It has been a decade since Simon Sinek took the stage and presented one of TED’s all-time most viewed videos titled ‘How great leaders inspire action’. The first time I watched it, I was awestruck. The idea that people don’t buy what you do, rather why you do it links many disciplines in a straightforward and easy-to-digest fashion.
This is not a hit piece on Sinek. I happen to maintain that he is one of the leading business minds of our time. In fact, as a tragic romantic, I once even bought his book as a Valentine’s Day gift. Instead, this is a commentary on how the pursuit of why has been consumed by the populous and whether we are able to transcend it, or at least understand Sinek’s point a little clearer.
Why do we even care about ‘why’?
On almost every possible measure, human beings are better off than at any time in history. Leading thinkers such as Hans Rosling and Steven Pinker (also TED talkers) have published best-sellers in recent years that explain just how much better life is for us today than it was for our parents, grandparents, and especially our great-grandparents.
Regardless of how difficult it might be for a graduate to buy an apartment in London’s Mayfair, New York’s Upper East Side or Sydney’s Double Bay; the graduate survived childbirth, childhood, schooling and university. They were not conscripted to war, sold into slavery, set to work down mineshafts or executed by an enemy tribe.
Of course, there are still horrors to be found around the world. The point is, so few of us are exposed to them by comparison.
Our comparative levels of prosperity can be observed through the lens of another popular framework: Abraham Maslow’s 1943 hierarchy of human needs. Maslow suggested that humans are motivated by tiers of needs. As one tier of needs is satisfied, we are able to ascend to the next tier. To illustrate this point, a starving adult is motivated by food (a physiological need) rather than a good job title (an esteem need).
I would argue that for the vast majority of human existence, our ancestors were motivated by basic physiological and safety needs. They did not have supermarkets or well-built homes, there was no contraception, no fresh water or sewerage. Esteem was certainly attained by some, often symbolised by feathers in headdress, chevrons on the arm, medals on the chest or titles such as lord and lady.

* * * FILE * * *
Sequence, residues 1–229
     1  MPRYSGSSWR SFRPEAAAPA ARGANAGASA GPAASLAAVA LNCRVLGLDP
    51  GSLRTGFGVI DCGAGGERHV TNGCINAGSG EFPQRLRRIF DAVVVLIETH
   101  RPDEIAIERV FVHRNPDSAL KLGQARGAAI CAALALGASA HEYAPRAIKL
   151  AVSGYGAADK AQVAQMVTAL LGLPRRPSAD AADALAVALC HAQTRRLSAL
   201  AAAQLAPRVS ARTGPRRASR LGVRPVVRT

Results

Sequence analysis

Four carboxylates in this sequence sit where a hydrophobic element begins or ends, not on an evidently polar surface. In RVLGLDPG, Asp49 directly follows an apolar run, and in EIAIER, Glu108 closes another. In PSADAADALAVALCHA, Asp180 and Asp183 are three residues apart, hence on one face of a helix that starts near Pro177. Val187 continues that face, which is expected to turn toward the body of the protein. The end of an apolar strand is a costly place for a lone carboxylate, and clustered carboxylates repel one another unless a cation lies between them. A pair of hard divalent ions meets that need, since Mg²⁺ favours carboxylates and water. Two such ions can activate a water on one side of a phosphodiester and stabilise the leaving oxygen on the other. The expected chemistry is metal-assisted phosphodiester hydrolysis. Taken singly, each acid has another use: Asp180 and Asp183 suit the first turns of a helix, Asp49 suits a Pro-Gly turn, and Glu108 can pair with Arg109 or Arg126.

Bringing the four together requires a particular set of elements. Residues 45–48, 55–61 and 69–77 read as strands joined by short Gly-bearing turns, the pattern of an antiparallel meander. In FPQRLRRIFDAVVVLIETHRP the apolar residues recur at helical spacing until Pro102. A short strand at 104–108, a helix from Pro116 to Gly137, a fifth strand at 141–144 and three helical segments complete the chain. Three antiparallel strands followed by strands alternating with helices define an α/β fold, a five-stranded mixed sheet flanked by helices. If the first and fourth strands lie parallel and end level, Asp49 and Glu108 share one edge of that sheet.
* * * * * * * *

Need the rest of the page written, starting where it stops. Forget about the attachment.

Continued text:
If you asked somebody why they do what they do during this time, they’d probably respond ‘to provide for myself and my family/community’.
In 2019, billions of people around the planet are able to have their basic needs satisfied in a straightforward manner. In most of Europe, North America, Australasia and some parts of Asia, the government will even satisfy these needs on your behalf via social welfare programs. Because of this, more of us than ever before are able to focus on psychological needs such as belongingness and esteem.
Where most of us go wrong with ‘why’
The majority of people I’ve seen wrestle with Sinek’s why, including myself, have done so by operating on the tiers of psychological needs. They’re thinking about a catchy mission statement that could engage their audience, or a set of values that they expect all team members to memorise and recite ad nauseam.
Misuse and misunderstanding of why alongside other concepts like vision, mission, values, purpose, meaning, goals, etc. can cause scepticism among employees and other stakeholders. This emphasises the need for your why to be authentic, rather than co-opted from something you heard an Instagram entrepreneur say during their morning post-yoga vlog.
Your why may therefore take a while to uncover and implement. It may require a whole heap of collaborating and soul searching. In fact, it probably requires us to transcend the psychological needs of belonging and esteem, reaching self-actualisation.